Spring and Spoleto USA

Somehow, it is June. I’m sitting in a café in Charleston, S.C., drinking a particularly delicious iced latte. The choir is hired here as choristers for the Spoleto Festival USA, and this is where we are living for a few weeks. Also somehow, I have graduated from Westminster Choir College with a master’s degree in Choral Conducting. This all seemed so intangibly far away only months ago, yet here we are! The semester was a challenge; I’m grateful to the teachers and friends who were there for me, be it through encouragement or tough love. There is much to process from the last two years; it is a relief to be here in Charleston, with time to think, as well as time to relax and unwind.

As part of this festival, we perform in a variety of concerts and performances, including an orchestral concert of Mozart and Vaughan Williams, performances of our tour repertoire, and our largest project, performing as chorus members in Tchaikovsky’s Eugene Onegin. A few of the gentlemen in the choir, including my fellow blogger Scott, are on double opera duty, also performing in Vivaldi’s Farnace. My heart goes out to their workload, but they look incredible in their costumes and they sound just terrific! It had been on the cards that we would perform Julia Wolfe’s Anthracite Fields at Spoleto, but sadly this was not meant to be. In April, we performed this piece in an abandoned factory in Trenton, complete with the musicians of Bang on a Can All-Stars, beautiful choreography from Doug Varone and a wonderful dancer Whitney Dufrene. The piece explores the lives and losses of the coal miners of Pennsylvania at the turn of the 20th century. She brings together a variety of sources that tell these stories and brings them together into a refreshing multimedia creation. The first movement uses the names of the men who lost their lives in the mines: at least, that was her initial intention. However, the sheer number of names was so overwhelming, that she instead used only men named John, with one-syllable surnames. Noticing the name ‘John Hughes,’ I did a little research, just in case there happened to be any connection to my lineage. Alas, my line of Hughes’ were predominantly Welsh sheep farmers. But I digress… I loved being a part of this project, and I would highly recommend looking into this piece if you are not already aware of it.
04.21.17_Anth_Fields_01_300dpi04.21.17_Anth_Fields_02_300dpi04.21.17_Anth_Fields_19_300dpi

The State of the Arts television program devoted a segment to the project.  You can view the video here.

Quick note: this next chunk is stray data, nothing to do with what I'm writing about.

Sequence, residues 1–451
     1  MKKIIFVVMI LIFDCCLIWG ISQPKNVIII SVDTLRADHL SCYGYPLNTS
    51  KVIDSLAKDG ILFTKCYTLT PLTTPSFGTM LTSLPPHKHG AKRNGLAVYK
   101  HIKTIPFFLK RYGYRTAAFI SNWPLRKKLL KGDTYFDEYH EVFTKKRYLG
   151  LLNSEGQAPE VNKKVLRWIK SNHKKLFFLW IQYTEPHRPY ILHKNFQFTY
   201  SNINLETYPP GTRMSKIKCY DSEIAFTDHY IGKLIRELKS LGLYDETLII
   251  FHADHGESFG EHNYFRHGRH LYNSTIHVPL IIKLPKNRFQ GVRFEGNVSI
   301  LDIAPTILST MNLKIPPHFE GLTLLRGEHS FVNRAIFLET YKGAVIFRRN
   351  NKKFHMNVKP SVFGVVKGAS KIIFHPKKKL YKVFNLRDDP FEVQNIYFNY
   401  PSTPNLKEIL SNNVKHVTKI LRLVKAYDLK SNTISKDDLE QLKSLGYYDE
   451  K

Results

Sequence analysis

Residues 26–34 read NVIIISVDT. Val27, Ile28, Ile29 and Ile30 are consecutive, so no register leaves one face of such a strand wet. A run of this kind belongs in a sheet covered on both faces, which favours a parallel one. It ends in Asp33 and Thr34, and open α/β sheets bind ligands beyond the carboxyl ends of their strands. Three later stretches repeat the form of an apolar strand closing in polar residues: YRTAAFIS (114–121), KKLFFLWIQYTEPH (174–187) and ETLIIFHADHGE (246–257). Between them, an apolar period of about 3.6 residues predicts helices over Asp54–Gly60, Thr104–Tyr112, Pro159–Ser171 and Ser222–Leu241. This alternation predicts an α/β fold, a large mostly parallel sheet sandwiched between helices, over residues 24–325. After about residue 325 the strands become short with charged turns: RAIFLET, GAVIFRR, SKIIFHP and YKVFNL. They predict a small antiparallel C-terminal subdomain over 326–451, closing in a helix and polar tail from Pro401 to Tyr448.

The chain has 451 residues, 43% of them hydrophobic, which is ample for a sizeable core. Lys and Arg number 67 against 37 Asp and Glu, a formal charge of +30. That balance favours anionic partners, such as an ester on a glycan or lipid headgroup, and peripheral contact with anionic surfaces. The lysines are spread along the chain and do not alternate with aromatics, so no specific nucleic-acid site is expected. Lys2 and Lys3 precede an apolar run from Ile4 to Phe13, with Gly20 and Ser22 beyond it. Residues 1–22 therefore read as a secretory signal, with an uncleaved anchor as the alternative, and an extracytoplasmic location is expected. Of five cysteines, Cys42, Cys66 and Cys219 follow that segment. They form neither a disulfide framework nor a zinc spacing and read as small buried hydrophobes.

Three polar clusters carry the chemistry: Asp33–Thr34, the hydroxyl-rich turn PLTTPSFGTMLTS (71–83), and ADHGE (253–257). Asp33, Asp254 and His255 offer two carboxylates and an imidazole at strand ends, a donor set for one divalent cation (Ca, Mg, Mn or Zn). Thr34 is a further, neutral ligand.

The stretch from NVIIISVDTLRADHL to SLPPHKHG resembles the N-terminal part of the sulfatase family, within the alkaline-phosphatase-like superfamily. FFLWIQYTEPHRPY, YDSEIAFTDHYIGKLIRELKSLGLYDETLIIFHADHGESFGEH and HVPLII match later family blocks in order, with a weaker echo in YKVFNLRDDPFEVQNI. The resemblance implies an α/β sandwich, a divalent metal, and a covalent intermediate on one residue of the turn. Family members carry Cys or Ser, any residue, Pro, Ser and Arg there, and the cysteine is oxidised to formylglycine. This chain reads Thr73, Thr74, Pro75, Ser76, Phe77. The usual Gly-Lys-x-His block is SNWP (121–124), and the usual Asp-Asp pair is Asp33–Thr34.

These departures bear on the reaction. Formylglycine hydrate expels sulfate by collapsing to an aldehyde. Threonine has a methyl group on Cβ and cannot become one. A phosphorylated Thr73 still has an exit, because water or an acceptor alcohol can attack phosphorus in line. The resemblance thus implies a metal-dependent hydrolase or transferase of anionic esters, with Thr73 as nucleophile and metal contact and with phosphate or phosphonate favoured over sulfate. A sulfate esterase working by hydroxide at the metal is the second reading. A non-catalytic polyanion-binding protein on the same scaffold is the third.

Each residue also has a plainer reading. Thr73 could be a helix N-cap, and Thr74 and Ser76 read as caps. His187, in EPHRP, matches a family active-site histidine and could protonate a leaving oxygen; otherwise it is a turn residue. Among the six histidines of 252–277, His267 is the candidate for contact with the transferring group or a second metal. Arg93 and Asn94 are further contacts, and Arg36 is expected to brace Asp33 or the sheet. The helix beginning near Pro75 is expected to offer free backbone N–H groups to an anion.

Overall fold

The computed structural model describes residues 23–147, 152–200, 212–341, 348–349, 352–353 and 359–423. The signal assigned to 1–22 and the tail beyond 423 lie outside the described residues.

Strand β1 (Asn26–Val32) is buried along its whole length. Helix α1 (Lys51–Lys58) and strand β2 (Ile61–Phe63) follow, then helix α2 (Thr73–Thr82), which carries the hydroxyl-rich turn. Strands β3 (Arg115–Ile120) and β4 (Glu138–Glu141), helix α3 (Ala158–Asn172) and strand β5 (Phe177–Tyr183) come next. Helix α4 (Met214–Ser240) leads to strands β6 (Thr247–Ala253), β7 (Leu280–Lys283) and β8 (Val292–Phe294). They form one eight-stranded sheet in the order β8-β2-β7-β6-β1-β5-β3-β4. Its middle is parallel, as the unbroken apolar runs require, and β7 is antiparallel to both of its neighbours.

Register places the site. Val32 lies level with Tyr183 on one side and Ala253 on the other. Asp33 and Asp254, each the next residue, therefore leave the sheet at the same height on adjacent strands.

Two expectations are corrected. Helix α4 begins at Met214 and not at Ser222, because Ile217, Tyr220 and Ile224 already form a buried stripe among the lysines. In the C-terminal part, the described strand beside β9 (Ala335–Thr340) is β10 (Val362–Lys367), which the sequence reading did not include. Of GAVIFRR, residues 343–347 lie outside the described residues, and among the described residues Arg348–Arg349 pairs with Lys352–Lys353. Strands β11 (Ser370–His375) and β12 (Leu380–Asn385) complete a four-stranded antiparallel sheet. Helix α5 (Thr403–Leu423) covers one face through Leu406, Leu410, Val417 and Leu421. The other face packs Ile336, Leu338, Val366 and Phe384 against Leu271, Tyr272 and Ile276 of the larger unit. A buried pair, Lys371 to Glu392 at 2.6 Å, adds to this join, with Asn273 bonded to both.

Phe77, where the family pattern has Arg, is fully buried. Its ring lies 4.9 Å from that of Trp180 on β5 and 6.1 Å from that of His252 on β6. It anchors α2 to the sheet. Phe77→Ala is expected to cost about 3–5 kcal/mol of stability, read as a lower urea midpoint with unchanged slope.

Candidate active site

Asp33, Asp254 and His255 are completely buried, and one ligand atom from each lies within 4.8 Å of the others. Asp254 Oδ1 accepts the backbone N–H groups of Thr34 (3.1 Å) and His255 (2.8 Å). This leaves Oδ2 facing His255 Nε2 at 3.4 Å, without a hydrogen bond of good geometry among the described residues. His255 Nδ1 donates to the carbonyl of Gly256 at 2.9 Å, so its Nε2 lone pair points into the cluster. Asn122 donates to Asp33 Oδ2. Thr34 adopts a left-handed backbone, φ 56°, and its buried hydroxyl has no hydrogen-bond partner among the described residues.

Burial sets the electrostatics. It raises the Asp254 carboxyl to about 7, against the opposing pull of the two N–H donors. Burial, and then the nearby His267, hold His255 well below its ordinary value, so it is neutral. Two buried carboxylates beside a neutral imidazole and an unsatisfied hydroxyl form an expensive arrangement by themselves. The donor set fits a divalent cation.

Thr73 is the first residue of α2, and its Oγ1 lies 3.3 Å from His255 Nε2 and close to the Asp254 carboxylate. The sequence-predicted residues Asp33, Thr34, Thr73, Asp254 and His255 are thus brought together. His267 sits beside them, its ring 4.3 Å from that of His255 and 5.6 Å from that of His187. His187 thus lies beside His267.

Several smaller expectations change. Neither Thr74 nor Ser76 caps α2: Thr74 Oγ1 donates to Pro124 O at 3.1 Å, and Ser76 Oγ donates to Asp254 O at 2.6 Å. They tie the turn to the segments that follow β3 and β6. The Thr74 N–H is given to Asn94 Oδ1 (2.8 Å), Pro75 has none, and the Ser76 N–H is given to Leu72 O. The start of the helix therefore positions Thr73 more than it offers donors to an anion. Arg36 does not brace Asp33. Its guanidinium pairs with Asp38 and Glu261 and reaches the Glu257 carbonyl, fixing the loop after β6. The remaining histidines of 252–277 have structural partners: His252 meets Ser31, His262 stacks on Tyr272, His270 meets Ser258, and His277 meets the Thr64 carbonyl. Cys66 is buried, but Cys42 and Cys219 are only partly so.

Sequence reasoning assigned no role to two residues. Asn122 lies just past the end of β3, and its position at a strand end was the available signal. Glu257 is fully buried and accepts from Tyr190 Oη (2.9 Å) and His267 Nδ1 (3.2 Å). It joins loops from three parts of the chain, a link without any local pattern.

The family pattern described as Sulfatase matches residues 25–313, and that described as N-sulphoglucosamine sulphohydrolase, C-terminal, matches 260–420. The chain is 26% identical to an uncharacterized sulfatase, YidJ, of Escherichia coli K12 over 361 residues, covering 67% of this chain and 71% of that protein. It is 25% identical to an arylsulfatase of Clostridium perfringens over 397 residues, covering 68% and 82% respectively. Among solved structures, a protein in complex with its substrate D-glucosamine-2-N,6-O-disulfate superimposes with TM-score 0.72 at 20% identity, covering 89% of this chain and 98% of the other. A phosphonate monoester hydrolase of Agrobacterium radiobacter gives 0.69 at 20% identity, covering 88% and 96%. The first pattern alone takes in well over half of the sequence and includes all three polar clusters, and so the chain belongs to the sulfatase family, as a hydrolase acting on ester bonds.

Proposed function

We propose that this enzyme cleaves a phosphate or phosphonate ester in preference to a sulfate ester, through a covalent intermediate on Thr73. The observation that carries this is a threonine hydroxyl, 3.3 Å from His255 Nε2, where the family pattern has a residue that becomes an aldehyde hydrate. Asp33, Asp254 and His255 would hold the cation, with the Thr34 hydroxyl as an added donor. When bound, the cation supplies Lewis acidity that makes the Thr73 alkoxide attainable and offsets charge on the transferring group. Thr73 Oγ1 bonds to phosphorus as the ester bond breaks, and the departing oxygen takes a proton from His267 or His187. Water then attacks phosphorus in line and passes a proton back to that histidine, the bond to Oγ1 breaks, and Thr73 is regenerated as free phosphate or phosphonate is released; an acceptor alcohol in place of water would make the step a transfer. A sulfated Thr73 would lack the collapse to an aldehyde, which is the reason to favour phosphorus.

On to the present! We’ve had a wonderful time in Charleston so far; the gardens, the history, the food, the bay, the weather. This is certainly a charming part of the world. In terms of our role in the festival, we have performed two nights of opera, our first choir concert, and a collaborative celebration concert. Our first week was all about the opera, as we attended daily rehearsals, bringing together music, staging, principals, lighting, orchestra, costumes etc. It’s been a blast getting to know the other performers and the production team, and getting a chance to do some acting (as a female chorus member, one must master pointing at things with excitement, giggling about male principals, and looking around with a ‘what on earth is going on here?’ expression). The costumes are a lot of fun, from peasant to aristocrat, and as a short-haired woman, I had the added pleasure of wearing a wig on stage. If you do happen to come to one of the performances, I will be the short one with the flowing curly red hair. It helps to get into character when you look nothing like yourself.  Here are some photos of my transformation.

Two members of our choir, Andrew Stack and Grant Farmer, play small principal roles in the show. They are both approaching the roles with utmost professionalism, and absolutely holding their own. Very proud!

As participants in the festival, we are permitted to attend any events that we can make, and there is simply too much to choose from. I hope to attend as much as I can, whether it’s chamber music, dance, or theatre. Over the span of three nights, I attended three plays: I feel culturally spoilt! One night, a one-woman monologue depicting the life of a brave, funny, brilliant woman’s life, and her experience in a 2014 siege in Northern Syria. I cannot stop thinking about this play, how beautiful, devastating and real it was. If you ever get the chance to see Angel by Henry Naylor, please, do it. The next night, I was at a production of Waiting for Godot, and again, thoroughly enjoyed it. I’m hoping to watch it a second time while I’m here if I can. Wonderfully executed, thought provoking, funny, dark, quirky. The third night was a mostly wordless production called Murmurs. Using illusion, puppetry, and dance, we were taken into a surreal and intriguing world, where beauty and insanity seemed to be in delicate balance. I think I’ll leave you on that ambiguous note… We are over the moon to be here, to experience Charleston and to be a part of the festival. Thank you to anybody who has come or is hoping to come to any of our performances: as always, we appreciate your support!

Today I will go to the beach!

— Claire
claire-formal

 

About Westminster Choir

Westminster Choir is composed of students at Westminster Choir College of Rider University, a center for music study in Princeton, N.J.
This entry was posted in Uncategorized. Bookmark the permalink.

Leave a Reply

Fill in your details below or click an icon to log in:

WordPress.com Logo

You are commenting using your WordPress.com account. Log Out / Change )

Twitter picture

You are commenting using your Twitter account. Log Out / Change )

Facebook photo

You are commenting using your Facebook account. Log Out / Change )

Google+ photo

You are commenting using your Google+ account. Log Out / Change )

Connecting to %s